Connectivity of green and blue infrastructures: living veins for biodiverse and healthy cities

Imagining the future of nature

On a recent visit to Milan I got to see two shows put on by the Fondzione Prada, one at their space Osservatorio Milano and the other at Fondazione Prada itself.

The first show, put together by Trevor Paglen and Kate Crawford, assembled a number of images from the emergence of facial and voice recognition and artificial intelligence (AI) methods, by which automated detection programmes are meant to learn to correctly recognise individuals (see:
The images included many, many, many faces, vast rows and tables of them, smiling or frowning, lit from different angles, famous people taken from the internet, repeat offenders’ perp photos showing them grow older and more desperate, selfies stolen from Instagram. The need to recognise individuals is of course related mainly to law enforcement and security. The mere premise of some of the image databases is troubling, such as the images of Japanese women displaying the ‘five universal emotions’. Why would you need this dataset, other than to police emotion in public and private spaces? The image datasets with tags are also disturbing. The tags, which identify the content of the images, are a strange mix of the absurdly random or senseless, and the most basic and offensive stereotypes. What does it mean for authorities to interpret the world through the pronouncements of these most stupid of oracles?

The second show was curated by Wes Anderson and Juman Malouf, and consisted of a selection of objects and paintings from a history and natural history museum in Vienna ( The objects were placed within a kind of purpose-made mini museum with glass cases lined in velvet of carefully chosen colours. The rooms were thematic: paintings of children, green things, cases and containers, things made of wood, etc. It was charmingly arbitrary, visually beautiful and rich in suggestion.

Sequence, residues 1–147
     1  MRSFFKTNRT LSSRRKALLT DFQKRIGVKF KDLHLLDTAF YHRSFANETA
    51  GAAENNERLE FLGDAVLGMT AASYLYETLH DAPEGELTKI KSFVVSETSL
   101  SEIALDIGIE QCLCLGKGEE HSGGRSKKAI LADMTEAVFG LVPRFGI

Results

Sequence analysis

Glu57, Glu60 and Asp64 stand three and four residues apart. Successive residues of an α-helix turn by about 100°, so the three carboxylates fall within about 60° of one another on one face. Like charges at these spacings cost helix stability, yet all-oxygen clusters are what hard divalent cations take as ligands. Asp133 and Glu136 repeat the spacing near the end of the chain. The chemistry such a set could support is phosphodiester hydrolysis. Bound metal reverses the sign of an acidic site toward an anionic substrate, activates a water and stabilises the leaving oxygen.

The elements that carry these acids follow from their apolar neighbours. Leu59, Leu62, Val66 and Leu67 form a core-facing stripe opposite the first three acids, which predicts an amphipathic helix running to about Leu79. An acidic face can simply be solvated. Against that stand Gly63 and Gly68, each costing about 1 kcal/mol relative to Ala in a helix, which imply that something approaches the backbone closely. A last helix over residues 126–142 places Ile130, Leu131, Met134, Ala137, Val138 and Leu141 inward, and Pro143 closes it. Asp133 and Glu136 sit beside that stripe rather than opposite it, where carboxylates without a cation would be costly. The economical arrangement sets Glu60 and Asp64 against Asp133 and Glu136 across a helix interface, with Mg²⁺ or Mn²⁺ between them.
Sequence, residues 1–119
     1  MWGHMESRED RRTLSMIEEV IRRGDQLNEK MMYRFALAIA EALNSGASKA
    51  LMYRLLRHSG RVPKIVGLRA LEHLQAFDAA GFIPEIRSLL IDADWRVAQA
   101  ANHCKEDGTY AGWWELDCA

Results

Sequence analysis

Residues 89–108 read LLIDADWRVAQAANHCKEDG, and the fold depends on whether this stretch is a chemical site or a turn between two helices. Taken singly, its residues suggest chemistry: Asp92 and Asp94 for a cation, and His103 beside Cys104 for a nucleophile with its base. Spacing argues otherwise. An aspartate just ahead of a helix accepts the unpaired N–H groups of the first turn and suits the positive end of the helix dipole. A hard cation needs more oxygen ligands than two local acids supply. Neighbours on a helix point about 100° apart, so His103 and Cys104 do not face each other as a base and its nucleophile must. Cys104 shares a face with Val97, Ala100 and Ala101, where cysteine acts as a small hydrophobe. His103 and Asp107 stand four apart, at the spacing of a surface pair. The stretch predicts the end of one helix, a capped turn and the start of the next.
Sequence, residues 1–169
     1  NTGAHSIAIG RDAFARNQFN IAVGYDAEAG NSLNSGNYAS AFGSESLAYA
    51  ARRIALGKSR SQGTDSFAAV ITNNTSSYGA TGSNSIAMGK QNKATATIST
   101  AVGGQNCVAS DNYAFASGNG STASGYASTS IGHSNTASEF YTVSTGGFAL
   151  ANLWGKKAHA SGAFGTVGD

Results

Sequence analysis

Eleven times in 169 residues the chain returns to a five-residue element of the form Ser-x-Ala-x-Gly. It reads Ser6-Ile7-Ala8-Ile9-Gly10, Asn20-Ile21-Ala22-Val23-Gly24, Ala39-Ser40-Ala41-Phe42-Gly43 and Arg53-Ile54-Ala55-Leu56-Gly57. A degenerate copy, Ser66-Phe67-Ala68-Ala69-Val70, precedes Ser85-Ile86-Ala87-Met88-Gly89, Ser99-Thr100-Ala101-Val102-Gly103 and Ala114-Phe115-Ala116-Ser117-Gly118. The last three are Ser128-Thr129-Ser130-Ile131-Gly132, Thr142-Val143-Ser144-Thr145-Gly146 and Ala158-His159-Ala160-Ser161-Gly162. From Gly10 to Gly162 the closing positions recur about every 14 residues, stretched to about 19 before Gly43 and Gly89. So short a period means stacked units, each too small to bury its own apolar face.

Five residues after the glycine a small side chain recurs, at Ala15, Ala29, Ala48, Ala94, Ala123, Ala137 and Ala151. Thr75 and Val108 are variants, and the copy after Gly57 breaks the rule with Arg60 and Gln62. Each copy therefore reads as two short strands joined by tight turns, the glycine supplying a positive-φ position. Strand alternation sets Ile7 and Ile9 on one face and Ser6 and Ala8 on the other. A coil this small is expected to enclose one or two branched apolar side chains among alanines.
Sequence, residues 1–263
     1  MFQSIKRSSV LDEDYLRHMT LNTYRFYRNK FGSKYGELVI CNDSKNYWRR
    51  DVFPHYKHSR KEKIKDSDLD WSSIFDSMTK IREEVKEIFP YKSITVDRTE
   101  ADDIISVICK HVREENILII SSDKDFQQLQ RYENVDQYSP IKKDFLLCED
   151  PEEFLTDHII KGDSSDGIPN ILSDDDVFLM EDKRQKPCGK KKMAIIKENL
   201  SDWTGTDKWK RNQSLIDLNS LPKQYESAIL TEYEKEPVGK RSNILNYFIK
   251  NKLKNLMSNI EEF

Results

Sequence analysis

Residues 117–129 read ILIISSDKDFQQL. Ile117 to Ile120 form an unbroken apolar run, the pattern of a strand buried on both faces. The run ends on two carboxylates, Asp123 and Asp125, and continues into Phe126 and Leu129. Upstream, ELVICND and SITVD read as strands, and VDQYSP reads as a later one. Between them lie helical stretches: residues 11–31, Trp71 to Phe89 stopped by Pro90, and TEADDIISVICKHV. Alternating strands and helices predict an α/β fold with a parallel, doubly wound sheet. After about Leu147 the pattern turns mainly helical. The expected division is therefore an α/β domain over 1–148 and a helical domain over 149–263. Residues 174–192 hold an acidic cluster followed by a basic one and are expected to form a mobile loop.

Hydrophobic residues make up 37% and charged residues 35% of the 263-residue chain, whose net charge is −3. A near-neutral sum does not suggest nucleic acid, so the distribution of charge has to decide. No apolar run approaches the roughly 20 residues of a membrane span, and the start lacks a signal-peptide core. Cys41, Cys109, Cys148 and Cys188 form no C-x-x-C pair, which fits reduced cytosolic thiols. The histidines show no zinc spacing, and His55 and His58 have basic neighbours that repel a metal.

Collections of interesting natural objects and beautiful artworks are how the powerful used to demonstrate the reaches of their power and the extent of their curiosity, the cosmopolitanism of their understanding. Today, power no longer consists of collections of singular exquisite objects with particular interpretations, but of huge datasets of variations on trashy images with low-quality descriptive labels.

Its not that in the past, wunderkammer collectors knew and ‘correctly’ understood everything, or that states did not seek to surveil and gather information before the existence of AI. But today, the object of unique interest, the type specimen, the rare item, the beautiful example, cannot speak to power: it has nothing to teach a machine learning program because the sample size is 1 and computers are too stupid to learn from sample sizes of 1. (More specifically, human collectors also do not learn from unique items in isolation, but are able to compare flexibly and creatively across things that are not standardized in such a way as to constitute a dataset).

Power in the AI paradigm is a function of the size of your training set, but also of its selection. As with any data analysis, a very large data set with a very strong selection bias will give you a clear signal: the stronger the bias and the bigger the sample size, the more likely the bias will be detected. People talk about improving the performance of AI surveillance systems—in the sense of removing stupid, harmful, and counterproductive biases—by creating “neutral” training sets. Of course, it is unclear what neutral means: does it represent reality as it really is (almost all samples or subsets of reality do not represent reality as it really is, as anyone who knows anything about statistics knows)? Does it represent reality as we think it ought to be? Even if we could imagine a truly neutral dataset with no biases incorporated into its selection, it is not clear to me that machine learning would be able to learn anything from this. Without selection biases to guide its pattern forming, it seems to me it would just produce nonsense. You could easily end up with meaningless but strong patterns like these:

Ecologists sometimes use a dataset to create reconstructed, imaginary datasets, which are variations on the real dataset. They then ask how many of the imaginary reconstructed data sets closely resemble the real one. From this they claim to assess how likely it is that the real dataset looks like it does, rather than looking like something else. If the real dataset is a sufficiently low-probability arrangement of its own data, then it is considered to be a good representation of reality. This is called Baysian statistics.